The Book Of Joshua Essay Research Paper

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The Book Of Joshua Essay, Research Paper The book of Joshua begins with the preparation of Joshua and the people of Israel for invasion of Jericho under the Lord’s presence and leadership. First, Joshua ordered the people who were to cross the Jordan to Jericho to prepare themselves. Then, he placed them under strict orders of obedience to his authority (1:10-18). Next, he sent out two spies to Jericho to retrieve information about the enemy. The spies went to the house of a prostitue name Rahab, as a cover for their actions. This plan did not work because the king of Jericho sent men to Rahab’s house to try to find them. She had hidden the well, however, and was able to convince the king’s men that they weren’t in her house. Since Rahab’s home was on the wall of

the city, she was able to let them down by a rope on the outside of the wall. Returning to Joshua, they gave their report (2:1-24). There followed another one of the events that Israel saw as a “wonder” of God. The river banks of Jordan were undercut in such a way, that they formed a natural dam that holds the river in check for extended periods of time. According to the passage 3:14-16, the waters were flooded when this was necessary, and the people boarded the ark of the covenant and passed easily over opposite Jericho. The ark of the covenant, symbol of the Lord’s presence with the Israelites, was carried to the midst of the riverbed to remind them that it was the Lord’s workings that enabled them to cross the flooded river (3:17). A pile of stones was resurrected as a

memorial to the event. The stones were to serve as a teaching aid for the elders. When asked by children of future generations what the stones meant, the elders would tell them of God’s deliverance of the people (4:1- 5:1). After crossing the Jordan, all the men and boys underwent circumcision as an act of consecration to the Lord (5:2-12). When they had recovered, preparations got under way for the attack on Jerricho. In a vision, Joshua saw the leader of the Lord’s army. The purpose of this seems to have been to assure Joshua of divine leadership in the days ahead (5:13-15). The numbers here are significant other than for their numerical value. Seven symbolized completion, ten perfection, and 12 completeness (6:12-16). Joshua was given orders to carry the arc of the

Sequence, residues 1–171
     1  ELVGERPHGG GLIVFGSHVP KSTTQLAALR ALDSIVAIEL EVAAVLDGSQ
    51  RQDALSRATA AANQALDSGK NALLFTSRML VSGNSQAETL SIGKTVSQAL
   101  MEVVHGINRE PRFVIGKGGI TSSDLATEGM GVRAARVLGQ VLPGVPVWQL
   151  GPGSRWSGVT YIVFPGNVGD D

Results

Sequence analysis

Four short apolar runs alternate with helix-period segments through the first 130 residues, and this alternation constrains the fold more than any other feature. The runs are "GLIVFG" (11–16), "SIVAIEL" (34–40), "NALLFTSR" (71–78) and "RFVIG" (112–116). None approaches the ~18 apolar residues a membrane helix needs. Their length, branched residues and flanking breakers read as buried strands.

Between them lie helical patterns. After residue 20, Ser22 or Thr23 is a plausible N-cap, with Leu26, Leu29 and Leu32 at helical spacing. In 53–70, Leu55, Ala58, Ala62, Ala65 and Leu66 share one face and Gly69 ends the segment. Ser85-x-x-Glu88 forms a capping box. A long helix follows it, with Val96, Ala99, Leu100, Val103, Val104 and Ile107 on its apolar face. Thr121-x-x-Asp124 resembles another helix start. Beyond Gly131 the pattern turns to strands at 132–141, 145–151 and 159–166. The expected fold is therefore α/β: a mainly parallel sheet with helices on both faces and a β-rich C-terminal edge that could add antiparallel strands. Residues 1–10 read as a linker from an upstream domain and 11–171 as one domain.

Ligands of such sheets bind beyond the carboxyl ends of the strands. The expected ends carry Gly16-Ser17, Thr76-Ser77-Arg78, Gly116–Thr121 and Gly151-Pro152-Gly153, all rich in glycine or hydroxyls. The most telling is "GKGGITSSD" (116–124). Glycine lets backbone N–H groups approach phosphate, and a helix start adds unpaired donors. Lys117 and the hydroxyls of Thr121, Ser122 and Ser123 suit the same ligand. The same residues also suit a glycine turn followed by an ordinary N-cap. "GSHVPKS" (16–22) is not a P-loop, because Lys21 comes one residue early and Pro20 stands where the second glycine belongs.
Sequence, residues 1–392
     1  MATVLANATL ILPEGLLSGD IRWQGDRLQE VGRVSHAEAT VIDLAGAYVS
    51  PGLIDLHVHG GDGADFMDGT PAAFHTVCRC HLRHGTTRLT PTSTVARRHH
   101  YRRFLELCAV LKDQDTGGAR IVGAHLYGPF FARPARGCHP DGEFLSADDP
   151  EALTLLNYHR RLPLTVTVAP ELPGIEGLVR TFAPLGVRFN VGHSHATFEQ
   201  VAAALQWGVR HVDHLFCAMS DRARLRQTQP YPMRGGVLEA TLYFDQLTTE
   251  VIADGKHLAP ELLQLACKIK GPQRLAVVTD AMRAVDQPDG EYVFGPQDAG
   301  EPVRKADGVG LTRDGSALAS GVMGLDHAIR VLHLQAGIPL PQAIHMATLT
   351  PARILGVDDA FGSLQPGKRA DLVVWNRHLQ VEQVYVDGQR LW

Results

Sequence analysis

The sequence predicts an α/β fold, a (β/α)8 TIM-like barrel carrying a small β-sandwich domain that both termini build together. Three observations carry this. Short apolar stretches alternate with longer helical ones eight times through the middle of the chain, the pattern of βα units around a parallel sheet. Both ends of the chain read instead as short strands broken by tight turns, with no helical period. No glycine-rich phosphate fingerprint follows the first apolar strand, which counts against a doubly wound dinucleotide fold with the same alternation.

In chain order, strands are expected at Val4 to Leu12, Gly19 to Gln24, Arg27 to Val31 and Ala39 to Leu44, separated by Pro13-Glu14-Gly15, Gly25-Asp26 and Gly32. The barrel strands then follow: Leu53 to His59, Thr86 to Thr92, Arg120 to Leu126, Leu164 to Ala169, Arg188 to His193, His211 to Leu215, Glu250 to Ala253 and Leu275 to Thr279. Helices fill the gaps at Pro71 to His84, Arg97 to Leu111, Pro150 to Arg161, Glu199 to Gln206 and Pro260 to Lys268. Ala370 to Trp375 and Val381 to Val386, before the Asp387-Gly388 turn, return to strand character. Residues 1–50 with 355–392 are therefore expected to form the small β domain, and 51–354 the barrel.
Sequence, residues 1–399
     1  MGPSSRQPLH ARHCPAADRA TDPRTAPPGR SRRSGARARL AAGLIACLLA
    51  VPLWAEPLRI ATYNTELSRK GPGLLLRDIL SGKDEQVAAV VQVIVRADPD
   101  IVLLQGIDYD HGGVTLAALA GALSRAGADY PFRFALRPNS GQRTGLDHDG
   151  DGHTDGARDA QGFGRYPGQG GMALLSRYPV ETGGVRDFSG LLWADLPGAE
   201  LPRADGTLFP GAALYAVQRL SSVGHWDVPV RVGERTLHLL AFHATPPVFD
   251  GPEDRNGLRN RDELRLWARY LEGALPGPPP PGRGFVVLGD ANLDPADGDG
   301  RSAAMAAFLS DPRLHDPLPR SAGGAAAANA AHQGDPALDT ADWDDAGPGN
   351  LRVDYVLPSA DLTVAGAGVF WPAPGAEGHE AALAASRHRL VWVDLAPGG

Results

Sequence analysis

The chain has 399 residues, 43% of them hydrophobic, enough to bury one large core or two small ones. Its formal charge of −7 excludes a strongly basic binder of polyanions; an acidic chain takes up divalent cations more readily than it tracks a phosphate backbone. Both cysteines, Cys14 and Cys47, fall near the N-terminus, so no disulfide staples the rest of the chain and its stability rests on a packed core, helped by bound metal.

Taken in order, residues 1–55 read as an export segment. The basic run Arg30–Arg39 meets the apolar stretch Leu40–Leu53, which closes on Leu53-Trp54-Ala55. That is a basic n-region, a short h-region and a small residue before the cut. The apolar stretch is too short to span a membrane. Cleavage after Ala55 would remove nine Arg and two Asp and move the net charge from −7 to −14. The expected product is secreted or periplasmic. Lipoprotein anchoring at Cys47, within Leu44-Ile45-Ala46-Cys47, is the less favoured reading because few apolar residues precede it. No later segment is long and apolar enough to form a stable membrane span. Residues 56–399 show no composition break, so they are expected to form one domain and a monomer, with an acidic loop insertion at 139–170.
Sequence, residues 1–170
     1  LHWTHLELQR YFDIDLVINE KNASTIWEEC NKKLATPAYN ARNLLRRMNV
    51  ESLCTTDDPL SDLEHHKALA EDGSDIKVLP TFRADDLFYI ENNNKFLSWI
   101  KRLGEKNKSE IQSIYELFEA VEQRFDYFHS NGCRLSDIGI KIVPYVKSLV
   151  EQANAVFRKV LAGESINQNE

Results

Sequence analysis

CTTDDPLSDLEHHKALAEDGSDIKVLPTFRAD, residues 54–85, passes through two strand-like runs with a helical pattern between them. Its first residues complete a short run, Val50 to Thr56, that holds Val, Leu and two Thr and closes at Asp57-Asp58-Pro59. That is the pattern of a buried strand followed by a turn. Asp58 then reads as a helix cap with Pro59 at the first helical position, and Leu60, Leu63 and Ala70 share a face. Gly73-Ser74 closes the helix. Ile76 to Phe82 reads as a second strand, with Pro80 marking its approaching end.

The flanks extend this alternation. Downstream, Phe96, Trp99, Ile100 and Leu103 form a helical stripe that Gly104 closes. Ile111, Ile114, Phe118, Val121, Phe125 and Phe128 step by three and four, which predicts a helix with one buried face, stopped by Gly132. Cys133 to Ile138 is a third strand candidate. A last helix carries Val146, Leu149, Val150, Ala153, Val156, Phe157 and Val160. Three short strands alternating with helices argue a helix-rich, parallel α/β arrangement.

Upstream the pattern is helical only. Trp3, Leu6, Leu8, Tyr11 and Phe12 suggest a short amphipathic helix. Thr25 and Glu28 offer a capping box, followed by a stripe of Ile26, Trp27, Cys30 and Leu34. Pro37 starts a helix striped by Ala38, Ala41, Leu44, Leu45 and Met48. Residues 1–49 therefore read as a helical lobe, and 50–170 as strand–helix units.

covenant up to Jericho with seven priests carrying seven ram’s horns. Armed troops were to march ahead of the priests blowing horns also. However no one was to give the battle cry until Joshua gave the signal. They marched around the walls of Jericho once in this fashion, and then retired to camp. This was done six days in a row, and then on the seventh day they marched around the walls seven times before Joshua gave the signal, and the people yelled a battle cry. The walls crumbled, and the soldiers flooded into the city. Everything was to be destroyed as an act of dedication to God. Only the prostitue Rahab, who had helped the spies, was to be spared (6:17-25). Finally, when the city was conquered, a curses was pronounced upon it to prevent its rebuilding (6:26-27). As harsh

as the requirements of the holy war might seem, an incident involving an Israelite named Achan would make it seem even more harsh. Strict regulations governed the disposal of the goods that were captured in the holy war. A violation on the ban of taking any spoils of war for personal use was punishable by death. In the battle for Ai, the Israelites were driven back. Unknown to Joshua, Achan had taken certain banned items at Jericho (7:1). Undoubtedly, word passed that Achan had taken the goods. Such knowledge would have had a divisive effect on the army if it were known, since others probably had been tempted to take the spoils of war but had resisted temptation. In any case, when the battle for Ai was begun, Israel suffered a stinging defeat (7:2-5). Joshua was perplexed,